Extracts from an article on the AHDB website by Jess Corsair, Senior Analyst (Trade & Policy)
CARBON markets and other private environmental markets and are expected to expand rapidly over the coming decades as businesses are required to meet environmental targets. Prices in these markets are likely to increase, as both quality standards are introduced, and as demand for offsetting increases as businesses have to clearly demonstrate their carbon reduction credentials.
What are the challenges for tenants who want to engage with private markets?
Agricultural Holdings Act 1986 (AHA) tenancies and Farm Business Tenancies (FBTs) nearly always restrict land use to agricultural use only. As such, any environmental projects can only be achieved within an agricultural context, such as increasing soil carbon rather than land use change projects such as tree planting and peatland restoration which will require the consent of the landlord.
The time period in private market agreements can also be restrictive, and it can often be expensive or difficult to exit the scheme early if there were any unexpected changes in the tenancy.
What to look out for and how to get involved
As with most things regarding private environmental markets, the eligibility for tenants depends on the scheme. Some will be available for tenants to join freely, others will need landlord’s consent, and others may require a tenancy agreement for longer than five years.
The two regulated schemes in the voluntary market – the Peatland Carbon Code and the Woodland Carbon Code – have rules written for tenants looking to enter the market.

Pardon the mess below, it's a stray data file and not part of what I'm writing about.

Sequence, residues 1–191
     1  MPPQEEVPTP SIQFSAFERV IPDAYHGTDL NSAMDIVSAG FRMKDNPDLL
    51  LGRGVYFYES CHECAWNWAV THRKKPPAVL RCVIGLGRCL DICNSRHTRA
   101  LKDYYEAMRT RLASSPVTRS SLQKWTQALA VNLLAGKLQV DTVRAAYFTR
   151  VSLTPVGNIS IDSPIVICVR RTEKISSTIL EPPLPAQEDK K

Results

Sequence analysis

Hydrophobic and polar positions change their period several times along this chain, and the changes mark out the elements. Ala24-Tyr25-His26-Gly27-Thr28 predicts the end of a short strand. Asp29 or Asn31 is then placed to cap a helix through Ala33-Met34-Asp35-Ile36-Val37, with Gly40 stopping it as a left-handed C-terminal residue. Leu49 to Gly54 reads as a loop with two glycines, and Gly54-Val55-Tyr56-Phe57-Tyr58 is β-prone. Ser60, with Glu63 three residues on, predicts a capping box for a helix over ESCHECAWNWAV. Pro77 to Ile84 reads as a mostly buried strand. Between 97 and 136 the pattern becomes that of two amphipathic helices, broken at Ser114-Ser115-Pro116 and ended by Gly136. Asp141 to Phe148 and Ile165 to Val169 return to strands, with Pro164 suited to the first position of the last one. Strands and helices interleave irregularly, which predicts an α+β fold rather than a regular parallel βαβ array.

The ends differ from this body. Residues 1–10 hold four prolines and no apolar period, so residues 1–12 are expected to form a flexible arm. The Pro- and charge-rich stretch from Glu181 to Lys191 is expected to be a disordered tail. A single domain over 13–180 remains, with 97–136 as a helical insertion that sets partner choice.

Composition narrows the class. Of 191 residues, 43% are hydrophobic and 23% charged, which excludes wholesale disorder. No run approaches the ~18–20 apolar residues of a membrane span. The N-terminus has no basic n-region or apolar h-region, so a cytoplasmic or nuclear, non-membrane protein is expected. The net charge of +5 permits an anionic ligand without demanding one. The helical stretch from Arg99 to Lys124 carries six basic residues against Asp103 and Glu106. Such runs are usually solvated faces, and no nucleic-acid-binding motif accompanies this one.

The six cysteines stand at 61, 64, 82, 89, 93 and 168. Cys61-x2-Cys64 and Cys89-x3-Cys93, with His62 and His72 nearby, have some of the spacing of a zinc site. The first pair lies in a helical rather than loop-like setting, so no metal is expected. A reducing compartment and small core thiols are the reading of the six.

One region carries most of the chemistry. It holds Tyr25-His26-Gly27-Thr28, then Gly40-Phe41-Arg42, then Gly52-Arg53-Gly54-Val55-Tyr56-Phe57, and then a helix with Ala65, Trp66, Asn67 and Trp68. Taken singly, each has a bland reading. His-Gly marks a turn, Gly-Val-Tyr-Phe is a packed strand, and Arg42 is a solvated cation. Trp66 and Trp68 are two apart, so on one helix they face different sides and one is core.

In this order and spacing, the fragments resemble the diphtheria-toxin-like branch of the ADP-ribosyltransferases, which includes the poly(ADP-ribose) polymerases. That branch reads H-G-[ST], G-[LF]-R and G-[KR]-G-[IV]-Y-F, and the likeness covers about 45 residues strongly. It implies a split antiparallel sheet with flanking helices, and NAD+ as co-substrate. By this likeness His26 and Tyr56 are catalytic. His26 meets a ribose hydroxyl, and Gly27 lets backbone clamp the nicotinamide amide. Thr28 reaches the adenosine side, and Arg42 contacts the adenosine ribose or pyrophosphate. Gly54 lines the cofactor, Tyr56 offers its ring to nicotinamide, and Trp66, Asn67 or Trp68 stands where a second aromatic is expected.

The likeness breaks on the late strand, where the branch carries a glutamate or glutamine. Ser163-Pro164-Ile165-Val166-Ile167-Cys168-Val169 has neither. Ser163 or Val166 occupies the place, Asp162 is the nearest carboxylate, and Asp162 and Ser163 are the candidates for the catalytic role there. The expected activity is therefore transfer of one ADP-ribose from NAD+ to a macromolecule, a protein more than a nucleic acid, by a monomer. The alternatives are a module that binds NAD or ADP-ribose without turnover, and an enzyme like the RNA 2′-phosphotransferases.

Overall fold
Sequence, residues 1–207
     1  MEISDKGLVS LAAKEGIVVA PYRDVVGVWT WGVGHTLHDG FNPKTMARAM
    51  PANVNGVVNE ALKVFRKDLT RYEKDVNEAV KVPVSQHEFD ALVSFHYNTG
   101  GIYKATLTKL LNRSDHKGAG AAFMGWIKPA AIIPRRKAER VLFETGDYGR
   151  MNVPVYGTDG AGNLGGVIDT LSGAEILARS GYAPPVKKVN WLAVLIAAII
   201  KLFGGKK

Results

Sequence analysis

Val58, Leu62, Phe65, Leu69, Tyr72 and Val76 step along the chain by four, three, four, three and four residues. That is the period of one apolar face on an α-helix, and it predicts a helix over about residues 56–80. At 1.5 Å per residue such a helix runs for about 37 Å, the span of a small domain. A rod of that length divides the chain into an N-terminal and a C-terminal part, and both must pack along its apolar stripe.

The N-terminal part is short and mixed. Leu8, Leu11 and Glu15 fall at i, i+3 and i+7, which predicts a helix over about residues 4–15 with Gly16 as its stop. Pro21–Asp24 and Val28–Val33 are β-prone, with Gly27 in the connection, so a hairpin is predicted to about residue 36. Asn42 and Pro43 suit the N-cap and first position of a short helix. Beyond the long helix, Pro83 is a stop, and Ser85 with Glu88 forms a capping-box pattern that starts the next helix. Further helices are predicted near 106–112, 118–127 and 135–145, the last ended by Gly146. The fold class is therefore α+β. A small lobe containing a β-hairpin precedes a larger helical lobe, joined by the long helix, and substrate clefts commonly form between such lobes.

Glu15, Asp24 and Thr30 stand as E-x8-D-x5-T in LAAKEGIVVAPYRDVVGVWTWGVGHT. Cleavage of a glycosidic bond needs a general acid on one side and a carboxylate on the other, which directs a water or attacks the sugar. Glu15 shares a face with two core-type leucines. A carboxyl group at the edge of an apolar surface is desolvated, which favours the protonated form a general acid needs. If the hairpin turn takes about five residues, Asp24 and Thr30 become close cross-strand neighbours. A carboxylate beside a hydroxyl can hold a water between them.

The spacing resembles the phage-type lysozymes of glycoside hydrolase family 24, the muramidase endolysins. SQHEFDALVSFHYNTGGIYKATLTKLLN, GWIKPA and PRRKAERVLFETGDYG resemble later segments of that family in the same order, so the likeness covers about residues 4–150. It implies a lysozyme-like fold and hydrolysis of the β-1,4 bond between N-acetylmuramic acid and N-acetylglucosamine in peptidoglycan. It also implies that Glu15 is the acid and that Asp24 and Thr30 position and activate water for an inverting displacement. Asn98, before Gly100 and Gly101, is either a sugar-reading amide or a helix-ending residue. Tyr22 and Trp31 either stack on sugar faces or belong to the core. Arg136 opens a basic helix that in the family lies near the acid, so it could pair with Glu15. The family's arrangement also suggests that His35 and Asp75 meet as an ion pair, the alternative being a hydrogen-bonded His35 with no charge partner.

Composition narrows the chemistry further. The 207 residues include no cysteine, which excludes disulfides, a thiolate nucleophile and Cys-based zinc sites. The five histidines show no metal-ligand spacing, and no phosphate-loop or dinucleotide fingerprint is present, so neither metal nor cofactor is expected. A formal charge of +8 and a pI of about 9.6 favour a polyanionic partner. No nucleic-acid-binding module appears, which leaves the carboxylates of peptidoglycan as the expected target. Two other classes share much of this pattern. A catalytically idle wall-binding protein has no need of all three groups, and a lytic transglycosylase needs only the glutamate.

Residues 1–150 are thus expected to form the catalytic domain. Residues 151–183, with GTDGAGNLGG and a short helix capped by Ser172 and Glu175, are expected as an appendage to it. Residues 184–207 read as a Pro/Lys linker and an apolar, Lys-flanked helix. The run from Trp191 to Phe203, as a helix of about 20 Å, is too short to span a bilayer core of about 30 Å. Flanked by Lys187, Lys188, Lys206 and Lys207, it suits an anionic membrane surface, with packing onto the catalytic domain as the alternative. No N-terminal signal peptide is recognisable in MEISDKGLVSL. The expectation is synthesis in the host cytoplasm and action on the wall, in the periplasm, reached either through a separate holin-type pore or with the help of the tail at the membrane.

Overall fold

The Peatland Carbon Code requires written consent from the landowner, including agreement that the obligation for delivery of the project shall be transferred to the landowner should the tenancy end before conclusion of the project.
For the Woodland Carbon Code, where land is tenanted, the landowner shall also commit for the project duration and beyond. The tenant cannot enter into a woodland creation scheme on the holding without written consent of the landlord.
The general advice is for tenant farmers to engage with and involve landlords as soon as possible if they want to enter the private environmental markets. It is important to come to agreements about the responsibility of the carbon and other environmental goods, considering the contracts will require long-term commitments.
Restrictions in tenancy agreements can be a challenge, but tenant farmers could be involved through activities that could be carried out alongside farming, such as carbon sequestration and nutrient neutrality.
The Rock Review suggests that whilst the ownership of pre-existing natural capital vests in the landlord, the more important consideration is how that natural capital is managed and enhanced which specifically relates to the activities of tenants. Tenants therefore should be rewarded for the maintenance and enhancement of national capital on land. However, there may also be scope for joint landlord/tenant agreements both in the public and private sectors.